Unleashing God's Truth, One Verse at a Time

Answering the Key Questions About Deacons

1 Timothy 3:8-13

Code: P12

John MacArthur

The title deacon seems to have as many different connotations as there are churches to bestow it. In some churches, the deacons are the official board, the legally recognized managing body. Other churches appoint almost everyone who is a regular attender as a deacon. Still other churches bestow the title as a badge of honor, like "reverend," but for laymen. The ministry of a deacon is so different from church to church that when a person says he is a deacon, you usually have to ask several questions to find out what, if anything, he actually does. Scripture itself is vague about the specifics of what deacons are to do. We read a lot about what qualifies a man to be a deacon, but little about how deacons are to minister in the local church. That fact in itself teaches us much about God's view of church leadership: What a man is is the issue, more than what he does.

Unfortunately that point is often overlooked in debates about church government. My conviction is that when a church becomes as concerned about maintaining high standards of purity and integrity in leadership as it is about upholding a specific form of government, it will begin to fall more in line with Scripture in every other area as well.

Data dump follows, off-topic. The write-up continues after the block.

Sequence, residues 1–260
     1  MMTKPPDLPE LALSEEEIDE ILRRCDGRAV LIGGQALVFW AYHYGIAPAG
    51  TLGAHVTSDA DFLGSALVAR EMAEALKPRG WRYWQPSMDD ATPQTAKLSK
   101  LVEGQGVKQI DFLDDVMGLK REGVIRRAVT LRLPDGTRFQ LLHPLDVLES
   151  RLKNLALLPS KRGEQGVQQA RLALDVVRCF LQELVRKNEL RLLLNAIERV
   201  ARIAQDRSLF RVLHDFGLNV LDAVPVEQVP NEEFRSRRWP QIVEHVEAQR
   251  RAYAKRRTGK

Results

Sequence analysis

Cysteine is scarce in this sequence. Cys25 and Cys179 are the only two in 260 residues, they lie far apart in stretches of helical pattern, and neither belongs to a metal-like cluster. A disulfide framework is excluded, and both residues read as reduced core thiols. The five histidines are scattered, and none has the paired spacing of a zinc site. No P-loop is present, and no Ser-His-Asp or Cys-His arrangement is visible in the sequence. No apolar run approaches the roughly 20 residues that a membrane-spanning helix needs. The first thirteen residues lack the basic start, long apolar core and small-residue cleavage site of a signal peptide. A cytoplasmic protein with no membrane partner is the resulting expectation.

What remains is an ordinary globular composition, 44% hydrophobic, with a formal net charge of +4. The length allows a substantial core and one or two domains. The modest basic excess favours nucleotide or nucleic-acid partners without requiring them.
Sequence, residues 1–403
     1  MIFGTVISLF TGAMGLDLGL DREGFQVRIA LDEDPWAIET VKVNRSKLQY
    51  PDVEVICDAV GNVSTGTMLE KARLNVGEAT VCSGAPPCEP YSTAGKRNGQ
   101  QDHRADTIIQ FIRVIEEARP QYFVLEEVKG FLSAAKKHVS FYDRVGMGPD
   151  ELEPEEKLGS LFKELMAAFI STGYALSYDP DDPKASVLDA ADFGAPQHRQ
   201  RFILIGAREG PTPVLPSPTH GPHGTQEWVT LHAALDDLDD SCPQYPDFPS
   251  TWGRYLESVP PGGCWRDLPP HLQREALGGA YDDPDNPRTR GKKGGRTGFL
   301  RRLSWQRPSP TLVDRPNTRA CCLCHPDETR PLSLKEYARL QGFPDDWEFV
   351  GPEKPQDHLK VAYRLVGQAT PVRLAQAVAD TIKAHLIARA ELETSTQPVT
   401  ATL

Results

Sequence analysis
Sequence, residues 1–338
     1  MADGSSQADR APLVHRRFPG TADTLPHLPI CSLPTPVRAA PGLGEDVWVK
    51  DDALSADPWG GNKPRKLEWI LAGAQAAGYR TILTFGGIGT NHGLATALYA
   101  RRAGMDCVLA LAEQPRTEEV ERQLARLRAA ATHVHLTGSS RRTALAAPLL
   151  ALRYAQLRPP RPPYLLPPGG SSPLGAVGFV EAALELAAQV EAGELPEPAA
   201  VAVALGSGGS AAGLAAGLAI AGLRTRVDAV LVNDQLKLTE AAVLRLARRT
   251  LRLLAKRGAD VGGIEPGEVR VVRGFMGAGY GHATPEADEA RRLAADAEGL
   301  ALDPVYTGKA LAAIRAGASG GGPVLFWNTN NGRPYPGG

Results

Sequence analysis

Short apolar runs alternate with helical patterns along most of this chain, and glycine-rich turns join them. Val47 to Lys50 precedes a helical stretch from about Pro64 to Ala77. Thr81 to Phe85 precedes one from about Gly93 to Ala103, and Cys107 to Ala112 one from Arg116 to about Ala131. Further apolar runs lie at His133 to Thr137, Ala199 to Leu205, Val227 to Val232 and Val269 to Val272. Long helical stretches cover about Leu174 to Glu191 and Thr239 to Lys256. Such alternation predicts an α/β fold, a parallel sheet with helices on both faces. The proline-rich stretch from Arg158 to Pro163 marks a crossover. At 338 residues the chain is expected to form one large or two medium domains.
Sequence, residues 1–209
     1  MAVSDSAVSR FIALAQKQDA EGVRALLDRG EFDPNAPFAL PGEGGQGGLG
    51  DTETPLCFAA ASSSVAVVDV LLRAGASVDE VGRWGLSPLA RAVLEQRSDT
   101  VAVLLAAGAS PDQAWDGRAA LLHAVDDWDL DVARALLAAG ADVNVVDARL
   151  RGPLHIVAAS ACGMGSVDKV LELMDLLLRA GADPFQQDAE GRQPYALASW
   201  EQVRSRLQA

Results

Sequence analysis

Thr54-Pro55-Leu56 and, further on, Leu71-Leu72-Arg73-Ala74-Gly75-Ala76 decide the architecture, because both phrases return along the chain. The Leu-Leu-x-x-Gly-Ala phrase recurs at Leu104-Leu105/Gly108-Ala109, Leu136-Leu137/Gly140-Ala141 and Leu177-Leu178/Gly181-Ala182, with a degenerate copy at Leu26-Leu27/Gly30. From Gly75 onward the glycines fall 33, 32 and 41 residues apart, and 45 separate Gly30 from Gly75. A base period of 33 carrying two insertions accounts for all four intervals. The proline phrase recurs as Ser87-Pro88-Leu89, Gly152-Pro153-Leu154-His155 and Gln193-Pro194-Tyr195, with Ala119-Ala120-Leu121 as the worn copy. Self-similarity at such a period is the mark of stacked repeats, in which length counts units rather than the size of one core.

How is the word deacon used in the New Testament?

The New Testament text uses three primary words to refer to deacons: diakonos, which means "servant"; diakonia, which means "service"; and diakoneo, which means "to serve." The original use of this group of words seems to have been specific, meaning the service of waiting on tables or serving people food. But it broadened beyond that and came to mean any kind of service.

It is important to understand at the outset that, in a biblical context, the group of Greek words from which we get the word deacon has meanings no more specific than the meanings of their English equivalents. In biblical usage, diakonia suggests all kinds of service, just as the English word service does. We might use the word serve to describe anything from the start of a volley in a tennis match to a convicted criminal who "serves" a term in prison. We use it equally to describe a slave who serves his master or a king who serves his people.